The Federal Reserve System was created on December 23, 1913, when President Woodrow Wilson signed the Federal Reserve Act into law. Before the new central bank could begin operations, the Reserve Bank Organization Committee, consisting of Treasury Secretary William McAdoo, Secretary of Agriculture David Houston, and Comptroller of the Currency John Skelton Williams, had the task of building a working institution from the basic framework of the new law. Twelve cities, including St. Louis, were chosen as the locations for the regional Reserve Banks and district lines were drawn. On November 16, 1914, the Reserve Banks opened for business.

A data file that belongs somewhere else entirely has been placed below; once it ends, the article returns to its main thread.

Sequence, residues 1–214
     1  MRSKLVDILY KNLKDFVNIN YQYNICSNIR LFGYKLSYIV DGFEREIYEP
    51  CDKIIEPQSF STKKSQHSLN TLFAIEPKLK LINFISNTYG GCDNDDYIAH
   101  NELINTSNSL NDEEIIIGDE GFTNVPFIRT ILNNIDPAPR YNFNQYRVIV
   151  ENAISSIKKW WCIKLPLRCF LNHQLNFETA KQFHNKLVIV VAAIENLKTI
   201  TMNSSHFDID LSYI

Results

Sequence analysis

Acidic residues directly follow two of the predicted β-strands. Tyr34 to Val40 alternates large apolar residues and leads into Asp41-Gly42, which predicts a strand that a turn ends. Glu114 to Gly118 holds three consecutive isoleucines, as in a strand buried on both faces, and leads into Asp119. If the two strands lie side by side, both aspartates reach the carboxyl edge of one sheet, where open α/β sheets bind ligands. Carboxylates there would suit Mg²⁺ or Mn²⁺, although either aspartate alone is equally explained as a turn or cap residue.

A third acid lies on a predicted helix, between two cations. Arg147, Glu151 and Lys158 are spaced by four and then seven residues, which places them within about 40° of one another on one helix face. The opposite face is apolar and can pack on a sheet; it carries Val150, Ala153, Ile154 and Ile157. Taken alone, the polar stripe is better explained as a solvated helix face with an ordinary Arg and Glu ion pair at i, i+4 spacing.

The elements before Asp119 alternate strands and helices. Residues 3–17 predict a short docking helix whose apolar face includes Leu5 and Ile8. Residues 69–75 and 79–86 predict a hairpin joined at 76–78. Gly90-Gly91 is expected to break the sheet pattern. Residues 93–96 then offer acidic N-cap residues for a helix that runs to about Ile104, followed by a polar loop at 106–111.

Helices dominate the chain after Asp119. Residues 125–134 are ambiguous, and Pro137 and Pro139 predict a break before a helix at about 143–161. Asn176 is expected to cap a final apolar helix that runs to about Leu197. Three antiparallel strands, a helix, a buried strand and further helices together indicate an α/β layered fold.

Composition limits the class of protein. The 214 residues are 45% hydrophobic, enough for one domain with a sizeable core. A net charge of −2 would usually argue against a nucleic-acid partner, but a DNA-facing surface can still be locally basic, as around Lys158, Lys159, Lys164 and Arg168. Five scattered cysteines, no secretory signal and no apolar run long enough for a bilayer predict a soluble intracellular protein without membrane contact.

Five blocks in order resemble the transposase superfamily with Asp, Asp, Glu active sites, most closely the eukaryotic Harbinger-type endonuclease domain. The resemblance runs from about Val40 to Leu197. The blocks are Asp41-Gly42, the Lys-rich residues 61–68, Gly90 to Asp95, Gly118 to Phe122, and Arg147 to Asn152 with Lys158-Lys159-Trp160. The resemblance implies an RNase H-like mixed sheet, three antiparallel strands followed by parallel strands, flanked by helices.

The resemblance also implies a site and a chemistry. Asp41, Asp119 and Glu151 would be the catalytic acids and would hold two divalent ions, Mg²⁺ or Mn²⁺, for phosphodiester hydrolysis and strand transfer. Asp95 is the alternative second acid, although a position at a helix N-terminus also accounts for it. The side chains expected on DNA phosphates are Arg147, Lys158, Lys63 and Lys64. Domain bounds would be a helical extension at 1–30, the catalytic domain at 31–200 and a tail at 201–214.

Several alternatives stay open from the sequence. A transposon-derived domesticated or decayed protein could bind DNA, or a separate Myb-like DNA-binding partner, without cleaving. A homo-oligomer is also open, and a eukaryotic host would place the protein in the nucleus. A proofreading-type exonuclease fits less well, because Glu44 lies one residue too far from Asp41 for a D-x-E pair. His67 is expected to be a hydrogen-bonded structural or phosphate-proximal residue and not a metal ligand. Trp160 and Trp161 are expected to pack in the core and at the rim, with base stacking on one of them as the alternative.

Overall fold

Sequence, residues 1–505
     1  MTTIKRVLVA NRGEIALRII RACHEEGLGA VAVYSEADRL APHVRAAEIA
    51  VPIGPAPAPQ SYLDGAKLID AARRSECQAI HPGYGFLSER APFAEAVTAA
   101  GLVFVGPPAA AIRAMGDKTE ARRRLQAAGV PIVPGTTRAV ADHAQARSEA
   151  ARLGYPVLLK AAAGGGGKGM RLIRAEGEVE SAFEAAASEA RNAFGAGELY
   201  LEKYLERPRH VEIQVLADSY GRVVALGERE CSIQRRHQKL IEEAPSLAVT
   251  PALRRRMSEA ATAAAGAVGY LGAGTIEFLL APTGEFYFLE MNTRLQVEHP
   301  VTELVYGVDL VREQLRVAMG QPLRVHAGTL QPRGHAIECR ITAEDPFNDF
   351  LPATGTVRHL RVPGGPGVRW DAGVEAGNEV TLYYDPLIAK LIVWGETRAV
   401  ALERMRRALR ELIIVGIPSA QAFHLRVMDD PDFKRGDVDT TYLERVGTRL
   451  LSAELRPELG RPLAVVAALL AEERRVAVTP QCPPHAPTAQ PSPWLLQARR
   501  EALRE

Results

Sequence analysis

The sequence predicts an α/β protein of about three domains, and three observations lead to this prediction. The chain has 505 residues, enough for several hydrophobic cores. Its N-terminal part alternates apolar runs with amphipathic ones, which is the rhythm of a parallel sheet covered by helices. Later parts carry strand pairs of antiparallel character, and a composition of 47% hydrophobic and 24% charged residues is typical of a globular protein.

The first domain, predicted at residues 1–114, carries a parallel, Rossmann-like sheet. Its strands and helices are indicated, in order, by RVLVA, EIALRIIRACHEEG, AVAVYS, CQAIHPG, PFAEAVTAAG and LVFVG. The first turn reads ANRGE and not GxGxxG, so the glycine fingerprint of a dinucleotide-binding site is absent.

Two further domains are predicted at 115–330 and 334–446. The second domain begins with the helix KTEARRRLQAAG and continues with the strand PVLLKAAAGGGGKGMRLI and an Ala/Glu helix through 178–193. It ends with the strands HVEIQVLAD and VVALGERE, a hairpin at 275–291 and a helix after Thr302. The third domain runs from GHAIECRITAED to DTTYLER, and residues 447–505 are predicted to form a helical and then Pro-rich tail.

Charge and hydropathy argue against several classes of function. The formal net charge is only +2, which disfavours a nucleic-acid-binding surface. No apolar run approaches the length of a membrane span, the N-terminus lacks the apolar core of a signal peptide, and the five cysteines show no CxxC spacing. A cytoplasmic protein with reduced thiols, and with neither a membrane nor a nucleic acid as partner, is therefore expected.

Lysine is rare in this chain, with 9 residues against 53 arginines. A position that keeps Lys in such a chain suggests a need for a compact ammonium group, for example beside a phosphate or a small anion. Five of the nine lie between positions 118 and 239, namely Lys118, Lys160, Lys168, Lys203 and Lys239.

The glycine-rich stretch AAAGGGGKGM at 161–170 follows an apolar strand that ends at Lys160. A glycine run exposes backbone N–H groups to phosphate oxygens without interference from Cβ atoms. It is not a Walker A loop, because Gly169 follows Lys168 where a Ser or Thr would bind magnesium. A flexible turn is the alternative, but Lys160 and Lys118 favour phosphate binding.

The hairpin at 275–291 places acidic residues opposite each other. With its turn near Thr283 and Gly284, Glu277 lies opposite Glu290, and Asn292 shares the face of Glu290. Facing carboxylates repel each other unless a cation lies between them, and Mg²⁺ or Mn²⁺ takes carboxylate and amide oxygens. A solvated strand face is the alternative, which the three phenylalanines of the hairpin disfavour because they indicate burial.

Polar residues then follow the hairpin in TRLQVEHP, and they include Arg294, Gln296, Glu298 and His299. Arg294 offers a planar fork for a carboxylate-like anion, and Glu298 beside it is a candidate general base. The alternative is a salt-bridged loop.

Today, the Federal Reserve sets the nation's monetary policy, supervises and regulates banking institutions, maintains the stability of the financial system, and provides financial services to depository institutions, the U.S. government, and foreign official institutions.


St. Louis Fed President James Bullard

Explore 100 years of the Bank's historical materials with our timeline, essays, images, and other media.

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